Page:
EMW Women’s Surgical Center has joined a federal lawsuit filed recently by Planned Parenthood Great Northwest, Hawaii, Alaska, Indiana, and Kentucky.
On Monday, the ACLU filed a motion to intervene in the ongoing Planned Parenthood case, asking a judge to clarify whether her recent block of House Bill 3 includes the 15-week ban. The ACLU is representing EMW.
In addition to that ban, the new law makes it harder for minors to get abortions, restricts abortion medication and regulates disposal of fetal remains.
The GOP-led legislature showed overwhelming support for the bill, and it passed in late March. Democratic Gov. Andy Beshear vetoed the bill the following week, but the legislature overrode that veto and it became law in mid-April.
Both Planned Parenthood and the ACLU filed documents in federal court seeking to block the law, challenging its constitutionality and arguing they couldn’t comply with regulations not yet set up.
The ACLU’s action was filed as a supplemental complaint and request for a temporary block in an ongoing case initiated in 2019. On Friday, the judge denied the new filings, stating that the challenge was already being addressed through the Planned Parenthood case.
The judge in that case issued a temporary restraining order last week, blocking the entire bill.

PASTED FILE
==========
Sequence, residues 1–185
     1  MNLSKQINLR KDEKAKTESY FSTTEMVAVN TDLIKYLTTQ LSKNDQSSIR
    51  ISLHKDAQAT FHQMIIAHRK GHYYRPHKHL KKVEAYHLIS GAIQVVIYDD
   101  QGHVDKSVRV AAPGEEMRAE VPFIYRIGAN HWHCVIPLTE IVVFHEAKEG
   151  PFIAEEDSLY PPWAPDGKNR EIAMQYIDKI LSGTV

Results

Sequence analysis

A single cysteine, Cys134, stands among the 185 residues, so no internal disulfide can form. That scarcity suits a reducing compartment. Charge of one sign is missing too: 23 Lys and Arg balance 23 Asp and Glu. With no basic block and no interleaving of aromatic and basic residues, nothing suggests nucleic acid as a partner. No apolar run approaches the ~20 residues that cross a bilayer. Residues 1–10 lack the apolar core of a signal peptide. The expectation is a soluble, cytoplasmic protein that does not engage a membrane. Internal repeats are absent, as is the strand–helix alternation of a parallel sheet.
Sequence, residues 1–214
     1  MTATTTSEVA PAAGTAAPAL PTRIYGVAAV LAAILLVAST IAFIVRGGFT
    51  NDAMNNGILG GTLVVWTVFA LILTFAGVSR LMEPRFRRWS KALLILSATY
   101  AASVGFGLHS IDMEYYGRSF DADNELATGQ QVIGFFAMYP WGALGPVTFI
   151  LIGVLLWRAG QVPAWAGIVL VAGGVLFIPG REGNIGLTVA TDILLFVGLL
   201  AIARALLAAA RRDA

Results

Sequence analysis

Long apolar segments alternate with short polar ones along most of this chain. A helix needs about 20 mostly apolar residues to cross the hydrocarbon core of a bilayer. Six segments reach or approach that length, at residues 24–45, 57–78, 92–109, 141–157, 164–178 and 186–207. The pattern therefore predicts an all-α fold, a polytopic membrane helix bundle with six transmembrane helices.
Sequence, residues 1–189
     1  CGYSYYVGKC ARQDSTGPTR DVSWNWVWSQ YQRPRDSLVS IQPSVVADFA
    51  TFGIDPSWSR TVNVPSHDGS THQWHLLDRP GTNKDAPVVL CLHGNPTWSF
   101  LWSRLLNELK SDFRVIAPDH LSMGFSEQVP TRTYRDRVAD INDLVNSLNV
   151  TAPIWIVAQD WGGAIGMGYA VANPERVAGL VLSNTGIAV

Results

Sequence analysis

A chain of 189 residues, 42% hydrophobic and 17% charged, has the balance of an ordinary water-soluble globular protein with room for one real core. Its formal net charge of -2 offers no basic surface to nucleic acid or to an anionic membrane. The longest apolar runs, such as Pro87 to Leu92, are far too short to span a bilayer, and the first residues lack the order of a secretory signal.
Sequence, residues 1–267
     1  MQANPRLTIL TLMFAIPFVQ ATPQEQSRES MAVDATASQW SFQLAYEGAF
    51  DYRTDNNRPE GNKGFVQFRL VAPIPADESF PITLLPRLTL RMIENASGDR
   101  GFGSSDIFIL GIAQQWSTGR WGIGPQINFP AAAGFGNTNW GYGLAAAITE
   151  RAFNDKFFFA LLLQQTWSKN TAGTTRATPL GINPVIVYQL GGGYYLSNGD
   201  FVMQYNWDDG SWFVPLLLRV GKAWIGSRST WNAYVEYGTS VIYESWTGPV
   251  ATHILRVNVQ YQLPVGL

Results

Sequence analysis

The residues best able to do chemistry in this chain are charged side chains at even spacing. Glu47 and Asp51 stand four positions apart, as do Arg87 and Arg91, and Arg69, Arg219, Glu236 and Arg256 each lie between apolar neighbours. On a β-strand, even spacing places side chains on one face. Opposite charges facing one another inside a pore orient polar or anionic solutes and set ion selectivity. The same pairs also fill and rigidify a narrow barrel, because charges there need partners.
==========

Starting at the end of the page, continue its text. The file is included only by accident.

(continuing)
“However, it is unclear whether the attorney general will argue that the 15-week ban is encompassed in that order,” the ACLU wrote in a news release. “ACLU-KY needs further clarity from the court or relief that ensures its client will not face penalties for providing abortions at and after 15-weeks.”
Planned Parenthood has provided abortions up to 14 weeks at its Louisville clinic and EMW, up to 22.
Both organizations temporarily stopped providing them before the judge filed the temporary restraining order. EMW is now capping abortions at 15 weeks, pending clarification from the judge.
Court filings show that since April 13, they’ve had to turn away 23 patients who were seeking abortions at or after 15 weeks.
The two are the only abortion providers in the state.